Re: sci.anthro ???

Norman Sides (
20 Aug 1995 21:42:17 -0700

Rusty Rae ( wrote:

: Instead of posting a wish list for everyone to fulfill, how
: 'bout you choose a subject and ask the ones who responded to you on
: this thread to help you out to get something started. Choose even an
: ill-formed question. The nice thing about living the culture is that
: you don't have to be perfect here.

: Sheila

Your challenge is fair I suppose, but my "wish list" did
contain questions that could spark discussion if anyone is
interested. I asked about the existence of a language
instinct, for example. In another post I'm asking Marc
Tyrrell if anthropologists are considering the question of a
language instinct in human beings. My question was prompted
by a reading of Steven Pinker's _The Language Instinct_.

The question seems basic to an understanding of human
nature. As Ruth Benedict and Margaret Mead demonstrated,
human nature seems highly plastic in some ways. But
Benedict, Mead and other followers of Boas undoubtedly
exaggerated the extent of this plasticity when they
suggested that virtually all of human behavior is culturally
determined. This may have been partly a response to
biological determinists who claimed much of human behavior
is instinctive. You had the biological determinists on the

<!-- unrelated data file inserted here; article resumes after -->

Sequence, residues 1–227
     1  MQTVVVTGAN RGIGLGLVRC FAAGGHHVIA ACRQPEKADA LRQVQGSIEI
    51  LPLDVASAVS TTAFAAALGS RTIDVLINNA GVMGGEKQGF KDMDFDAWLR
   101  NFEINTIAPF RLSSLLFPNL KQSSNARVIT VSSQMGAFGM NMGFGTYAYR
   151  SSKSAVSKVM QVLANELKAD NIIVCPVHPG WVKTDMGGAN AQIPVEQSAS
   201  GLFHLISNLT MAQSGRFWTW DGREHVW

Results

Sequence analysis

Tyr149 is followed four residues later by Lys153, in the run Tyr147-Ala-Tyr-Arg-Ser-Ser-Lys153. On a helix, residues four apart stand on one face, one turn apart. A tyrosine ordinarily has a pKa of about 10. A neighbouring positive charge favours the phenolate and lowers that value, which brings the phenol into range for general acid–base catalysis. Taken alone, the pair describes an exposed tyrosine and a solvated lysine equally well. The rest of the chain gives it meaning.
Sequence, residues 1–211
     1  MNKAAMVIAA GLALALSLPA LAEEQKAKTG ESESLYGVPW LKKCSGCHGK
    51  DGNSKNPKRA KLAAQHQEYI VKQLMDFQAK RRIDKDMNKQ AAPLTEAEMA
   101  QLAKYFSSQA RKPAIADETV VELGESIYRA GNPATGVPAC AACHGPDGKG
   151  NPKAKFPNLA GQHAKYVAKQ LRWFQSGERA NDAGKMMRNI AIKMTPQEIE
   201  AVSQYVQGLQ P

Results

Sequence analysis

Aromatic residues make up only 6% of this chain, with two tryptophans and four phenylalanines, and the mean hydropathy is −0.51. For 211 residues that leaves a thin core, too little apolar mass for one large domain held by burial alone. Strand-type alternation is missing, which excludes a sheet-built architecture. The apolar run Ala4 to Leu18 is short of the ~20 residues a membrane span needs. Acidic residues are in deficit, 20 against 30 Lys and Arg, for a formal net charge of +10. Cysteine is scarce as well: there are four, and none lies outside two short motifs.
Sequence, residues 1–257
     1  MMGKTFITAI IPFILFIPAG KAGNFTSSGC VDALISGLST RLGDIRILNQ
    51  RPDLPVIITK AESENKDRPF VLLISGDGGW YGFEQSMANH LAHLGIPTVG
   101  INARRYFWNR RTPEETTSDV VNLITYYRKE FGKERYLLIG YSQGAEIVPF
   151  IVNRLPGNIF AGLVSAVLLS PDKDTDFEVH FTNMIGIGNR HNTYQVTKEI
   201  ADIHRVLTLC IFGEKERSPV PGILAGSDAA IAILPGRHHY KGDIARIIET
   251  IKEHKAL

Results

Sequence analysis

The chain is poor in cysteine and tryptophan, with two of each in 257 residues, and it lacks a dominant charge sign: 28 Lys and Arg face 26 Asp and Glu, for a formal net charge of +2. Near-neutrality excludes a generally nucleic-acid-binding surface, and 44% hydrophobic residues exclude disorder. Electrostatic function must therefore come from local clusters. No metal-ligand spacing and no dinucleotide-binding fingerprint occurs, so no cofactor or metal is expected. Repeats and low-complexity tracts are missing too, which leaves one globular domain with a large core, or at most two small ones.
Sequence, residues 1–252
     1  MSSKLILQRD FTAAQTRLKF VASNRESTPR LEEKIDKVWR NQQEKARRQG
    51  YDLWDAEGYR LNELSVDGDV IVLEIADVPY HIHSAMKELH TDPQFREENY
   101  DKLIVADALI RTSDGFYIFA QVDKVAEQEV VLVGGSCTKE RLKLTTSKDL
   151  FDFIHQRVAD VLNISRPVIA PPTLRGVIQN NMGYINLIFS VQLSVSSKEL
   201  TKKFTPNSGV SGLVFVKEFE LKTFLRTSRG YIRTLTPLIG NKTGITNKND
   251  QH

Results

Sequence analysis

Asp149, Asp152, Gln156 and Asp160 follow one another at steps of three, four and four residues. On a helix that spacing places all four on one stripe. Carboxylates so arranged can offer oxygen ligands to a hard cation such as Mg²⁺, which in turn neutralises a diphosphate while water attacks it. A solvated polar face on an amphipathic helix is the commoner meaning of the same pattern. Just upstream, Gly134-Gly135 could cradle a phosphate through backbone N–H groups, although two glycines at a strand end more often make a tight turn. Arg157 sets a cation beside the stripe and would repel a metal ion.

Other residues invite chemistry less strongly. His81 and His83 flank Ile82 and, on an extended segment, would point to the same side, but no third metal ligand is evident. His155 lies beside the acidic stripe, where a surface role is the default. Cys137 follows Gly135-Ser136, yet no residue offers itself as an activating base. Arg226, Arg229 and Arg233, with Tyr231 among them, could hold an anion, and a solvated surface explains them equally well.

one hand and the cultural determinists on the other, each
claiming to have the whole truth. But Noam Chompsky, in the
early sixties, produced evidence that an innate learning
mechanism contributes to children's ability to acquire
language. Pinker, a linguist who has been highly influenced
by Chompsky's thought, comes right out and calls this
mechanism an instinct.

Actually it's been a while since I read the book and I'd
have to look up his exact wording, but he keeps pretty close
to most of Chompsky's original thought except in his use of
the term "instinct". If we do have a language instinct it's
quite unlike the old biologically deterministic notions of
what an instinct is, and the idea ought to be compatible
with anthropological thought. I do recall that Pinker
critcized people who loosely transported Chompsky's term
"deep structure" to nonlinguistic contexts, but it seems
natural to generalize upon psycholinguistic findings if the
data support such generalization. I was wondering if there
is any kind of consensus on these issues within
anthropology, or what kind of research is being done. This
also seems an area where many nonanthropologists could have
input because you don't have to go to some distant land to
see and hear children acquiring language.

Norman Sides